Elderberry seed oil, also called elderberry kernel oil or elderberry oil, is most often produced through a cold pressing / oil press of the seeds. Other than through the pressing of the seeds, however, this oil also emerges as a by-product of elderberry juice production, the oil being pressed out of the marc remaining from the juicing process. The marc is then mechanically pressed out in a cold-press method.
In our technical center, extensive pressing tests were undertaken which lead to the development of a new and innovative solution for the gentle and efficient production of elderberry oil. Featured at the heart of the oil production is the newly developed Florapower Hartkernpresse (hard kernel press). With the Florapower Hartkernpresse, the elderberry’s hard seed is gently and efficiently pressed, thereby yielding cold-pressed elderberry seed oil and high quality elderberry press cakes. The Florapower Hartkernpresse has been an integral feature of our product line since the beginning of 2013.
Characteristics and shelf life
Elderberry seed oil is often described as greenish-yellow oil with a characteristically tangy and spicy herbal scent and flavor.
Due to its range of fatty acids, it features a low melting point.
The fatty acid composition of elderberry seed oil consists of over 70% polyunsturated fatty acids (ca. 39-44% linoleic acid [omega 6]; around 33-36% α-linoleic acid [omega 3]); and approximately 11-14% monounsaturated fatty acid (omega 9). An additional 6-8% is made up of palmitic acid, and around 2%, of stearic acid. Furthermore, the oil also contains glycosidic bonds, plant sterols, carotenoids, flavenoids, and tocopherols (Vitamin E).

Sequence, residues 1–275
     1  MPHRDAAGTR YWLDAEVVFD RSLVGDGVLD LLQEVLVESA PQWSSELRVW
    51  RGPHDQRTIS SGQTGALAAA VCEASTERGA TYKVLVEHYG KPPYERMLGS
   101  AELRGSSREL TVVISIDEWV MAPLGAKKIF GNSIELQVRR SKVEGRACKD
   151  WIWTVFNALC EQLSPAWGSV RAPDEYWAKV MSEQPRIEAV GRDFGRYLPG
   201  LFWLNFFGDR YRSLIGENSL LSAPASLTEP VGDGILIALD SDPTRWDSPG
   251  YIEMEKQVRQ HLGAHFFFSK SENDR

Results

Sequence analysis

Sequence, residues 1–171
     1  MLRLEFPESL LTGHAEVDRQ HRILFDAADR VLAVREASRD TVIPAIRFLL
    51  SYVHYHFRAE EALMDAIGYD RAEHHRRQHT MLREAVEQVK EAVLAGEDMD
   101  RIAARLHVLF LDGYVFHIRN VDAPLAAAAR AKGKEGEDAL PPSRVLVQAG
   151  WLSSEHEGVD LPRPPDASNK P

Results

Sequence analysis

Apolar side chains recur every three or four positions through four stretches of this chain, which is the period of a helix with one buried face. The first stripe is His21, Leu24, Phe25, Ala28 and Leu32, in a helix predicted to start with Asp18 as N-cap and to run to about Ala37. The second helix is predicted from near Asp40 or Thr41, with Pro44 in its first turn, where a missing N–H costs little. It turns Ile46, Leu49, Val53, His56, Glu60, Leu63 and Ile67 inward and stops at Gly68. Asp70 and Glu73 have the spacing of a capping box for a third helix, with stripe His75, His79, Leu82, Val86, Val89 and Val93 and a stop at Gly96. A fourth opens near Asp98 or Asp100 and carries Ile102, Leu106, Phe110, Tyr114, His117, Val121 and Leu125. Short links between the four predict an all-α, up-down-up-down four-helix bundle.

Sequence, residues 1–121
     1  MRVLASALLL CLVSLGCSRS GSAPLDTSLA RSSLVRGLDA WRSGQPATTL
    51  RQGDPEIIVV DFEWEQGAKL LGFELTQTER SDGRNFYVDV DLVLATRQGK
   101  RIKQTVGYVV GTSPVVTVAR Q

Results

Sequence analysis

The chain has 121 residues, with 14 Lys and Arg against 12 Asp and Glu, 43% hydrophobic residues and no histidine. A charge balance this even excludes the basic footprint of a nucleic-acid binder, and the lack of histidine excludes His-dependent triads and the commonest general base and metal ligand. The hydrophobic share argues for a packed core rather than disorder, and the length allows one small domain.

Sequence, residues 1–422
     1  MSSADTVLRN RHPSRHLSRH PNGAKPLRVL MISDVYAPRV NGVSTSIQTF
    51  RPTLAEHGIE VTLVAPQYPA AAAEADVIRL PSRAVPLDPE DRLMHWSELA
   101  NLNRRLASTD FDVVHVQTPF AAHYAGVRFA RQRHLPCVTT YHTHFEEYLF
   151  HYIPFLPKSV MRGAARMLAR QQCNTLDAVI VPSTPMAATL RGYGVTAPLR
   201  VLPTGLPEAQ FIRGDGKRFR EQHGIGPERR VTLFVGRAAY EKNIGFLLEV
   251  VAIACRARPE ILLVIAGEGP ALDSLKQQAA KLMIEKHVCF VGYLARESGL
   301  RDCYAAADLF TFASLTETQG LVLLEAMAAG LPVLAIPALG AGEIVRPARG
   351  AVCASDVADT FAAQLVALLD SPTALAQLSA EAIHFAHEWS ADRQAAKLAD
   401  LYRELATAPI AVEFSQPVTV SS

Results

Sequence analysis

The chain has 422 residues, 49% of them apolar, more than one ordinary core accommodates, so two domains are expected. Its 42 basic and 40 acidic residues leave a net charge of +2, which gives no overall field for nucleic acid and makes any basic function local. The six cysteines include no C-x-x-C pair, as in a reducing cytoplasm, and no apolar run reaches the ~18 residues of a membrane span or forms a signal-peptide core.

Elderberry seed oil is counted among the light- and heat-sensitive oils and should be stored in a dark and cool location. Under these conditions it will keep for 3 to 6 months.
In the cosmetic, pharmaceutical and medical industries
Elderberry seed oil finds application first and foremost in the realms of cosmetics and medicine. The oil offers a number of advantages, owing to the α-linoleic acid and the plant sterols contained within it. It is supposed to have an anti-inflammatory effect, reducing swelling and calming the skin. As a result, it is readily employed in treating problems associated with mature or sensitive, blemished skin, acne or neurodermatitis. The structure of the plant sterols is similar to the skin’s own cholesterols – counted among the most important fats in the lipid layer of the stratum corneum (corneal layer) – meaning that these cholesterols, in their function of forming an intact barrier layer, can be supported by the plant sterols. The lipid layer being stabilized, the skin becomes soft and smooth. Additionally, elderberry seed oil is used as massage oil or as body care oil; for the latter usage, it must be mingled with water. With joint pain, too, the pure oil, once applied, halts the inflammation process and tends to reduce swelling. This oil furthermore has a stimulating effect upon the cell membranes and blood vessels, and is supposed to be able to strengthen resistance toward infections, allergies, and carcinogens.
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In addition to their own knowledge acquired through press trials, the following sources were used to create the article:
- Öle, natürlich kaltgepresst, Basiswissen & Rezepte, Marcus Hartmann, Hädecke, 2008
- Heilende Öle, Pflanzenöle als Nahrungs- und Heilmittel, Neue Erkenntnisse, Günter Albert Ulmer Verlag Tuningen
- Lexikon der pflanzlichen Fette und Öle, Krist, Buchbauer, Klausberger, SpringerWienNewYork, 2008